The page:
Just how dangerous can a book be? And in order to combat that danger, how far should our expressive freedoms be restrained?
The young adult's novel, Into the River, certainly seems to divide folks. I should note at the outset that while some unkind souls may say that I behave as if I'm smack in the middle of the book's target demographic market, I haven't read it. But from the reviews, it certainly sounds like something I'd have liked to have read when I was back in High School.
And for the judges at the 2013 Childrens' Book Awards it was "the book that stood out for us", being "a book that both engaged and respected older readers, with material as subtle as it is honest and provocative". They awarded it the Book of the Year title.
But to the Films, Videos and Publications Review Board, its explicit sexual content and drug use was far too dangerous for young eyes to see. So they imposed an R14 classification on it - making it a serious offence (jail for up to 3 months, or a $10,000 fine) to give the book to anyone younger than 14.
That decision seemed a bit daft to a lot of people, given that Into the River deals with the lives of thirteen-and-fourteen years olds and so may well speak to just that age group. So the book was put back before the Office of Film and Literature Classification to see if it could be reclassified. And that Office agreed to do so - lifting the R14 restriction and thus making it legal for anyone in New Zealand to read it, or to give it to anyone else in New Zealand to read.
At least for a while. Because after the Office made its decision, Family First - which appears to view this book as the spiritual equivalent of the videotape in Ringu - appealed it back to the Films, Videos and Publications Review Board. Which, you may remember, was the body that originally imposed the R14 rating on it.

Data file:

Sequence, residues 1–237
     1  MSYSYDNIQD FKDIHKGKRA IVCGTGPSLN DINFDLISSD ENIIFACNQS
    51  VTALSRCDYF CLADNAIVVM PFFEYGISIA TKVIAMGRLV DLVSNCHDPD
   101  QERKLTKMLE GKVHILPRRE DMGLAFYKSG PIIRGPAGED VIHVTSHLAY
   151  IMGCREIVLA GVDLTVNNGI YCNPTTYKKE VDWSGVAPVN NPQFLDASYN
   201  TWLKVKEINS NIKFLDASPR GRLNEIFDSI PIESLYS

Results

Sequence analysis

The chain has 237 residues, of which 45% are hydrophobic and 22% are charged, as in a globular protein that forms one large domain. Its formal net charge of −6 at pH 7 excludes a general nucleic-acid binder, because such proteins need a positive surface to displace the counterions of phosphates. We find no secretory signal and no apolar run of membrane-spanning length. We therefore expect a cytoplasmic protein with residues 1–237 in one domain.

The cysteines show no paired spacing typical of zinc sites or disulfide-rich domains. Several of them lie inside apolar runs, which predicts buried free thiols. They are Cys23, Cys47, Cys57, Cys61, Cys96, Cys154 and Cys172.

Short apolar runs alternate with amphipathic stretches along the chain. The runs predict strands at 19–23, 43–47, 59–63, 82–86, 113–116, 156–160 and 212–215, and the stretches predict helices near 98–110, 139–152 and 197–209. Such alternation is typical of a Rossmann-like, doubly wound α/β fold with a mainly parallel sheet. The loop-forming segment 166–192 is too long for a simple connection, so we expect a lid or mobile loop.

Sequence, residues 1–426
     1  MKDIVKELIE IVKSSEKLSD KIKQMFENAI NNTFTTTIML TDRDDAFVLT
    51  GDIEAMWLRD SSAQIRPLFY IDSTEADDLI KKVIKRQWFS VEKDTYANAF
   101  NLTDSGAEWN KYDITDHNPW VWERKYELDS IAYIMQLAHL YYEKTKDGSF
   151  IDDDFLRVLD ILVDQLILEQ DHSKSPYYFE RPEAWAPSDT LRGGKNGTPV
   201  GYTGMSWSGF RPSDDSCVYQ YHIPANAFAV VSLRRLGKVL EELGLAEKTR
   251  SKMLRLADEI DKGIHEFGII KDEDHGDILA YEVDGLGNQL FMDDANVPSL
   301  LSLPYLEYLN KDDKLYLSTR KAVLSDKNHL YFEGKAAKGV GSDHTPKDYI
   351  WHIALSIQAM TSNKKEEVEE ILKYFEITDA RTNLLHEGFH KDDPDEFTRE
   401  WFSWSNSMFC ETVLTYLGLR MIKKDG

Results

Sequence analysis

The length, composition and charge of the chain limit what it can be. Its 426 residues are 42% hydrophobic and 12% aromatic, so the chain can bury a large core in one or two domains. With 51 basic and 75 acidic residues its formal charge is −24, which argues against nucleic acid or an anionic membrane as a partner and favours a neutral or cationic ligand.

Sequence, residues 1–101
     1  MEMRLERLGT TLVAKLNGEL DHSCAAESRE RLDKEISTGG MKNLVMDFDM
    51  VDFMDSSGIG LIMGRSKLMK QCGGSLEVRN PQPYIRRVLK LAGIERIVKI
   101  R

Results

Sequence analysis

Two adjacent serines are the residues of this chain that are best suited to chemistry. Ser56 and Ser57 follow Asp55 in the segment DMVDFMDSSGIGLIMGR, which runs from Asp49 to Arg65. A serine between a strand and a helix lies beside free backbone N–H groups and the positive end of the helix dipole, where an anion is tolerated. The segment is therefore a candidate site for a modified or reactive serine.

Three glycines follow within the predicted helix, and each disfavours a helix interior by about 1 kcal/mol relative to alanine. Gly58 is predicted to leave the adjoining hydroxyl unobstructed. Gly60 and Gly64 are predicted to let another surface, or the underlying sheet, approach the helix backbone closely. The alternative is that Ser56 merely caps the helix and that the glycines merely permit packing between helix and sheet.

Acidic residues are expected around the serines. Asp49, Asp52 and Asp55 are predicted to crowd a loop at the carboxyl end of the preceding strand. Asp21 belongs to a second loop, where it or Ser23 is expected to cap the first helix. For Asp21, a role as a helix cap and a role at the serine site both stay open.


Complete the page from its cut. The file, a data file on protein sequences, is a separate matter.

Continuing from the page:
And now that body's president, Dr Don Mathieson, has slapped an interim restriction order on Into the River, which has the effect of preventing anyone from lending, selling or giving the book to anyone else ... but not making it illegal to possess it. Meaning that (for now) the book is even more tightly controlled than it was back before the Office lifted the R14 classification.
All of which quite reasonably has folks like Danyl Mclauchlan in a bit of a confused spin - so much so that he's reduced to asking for "a lawyer’s explanation" of what is going on. Bless. Here's some thoughts in response.
First up, the Board's president, can issue the order (in effect) prohibiting dissemination of Into the River until the appeal against its classification status is resolved - but only if he is "satisfied that it is in the public interest to do so". There's a few questions to ask about his decision that this criteria is met in the case of Into the River.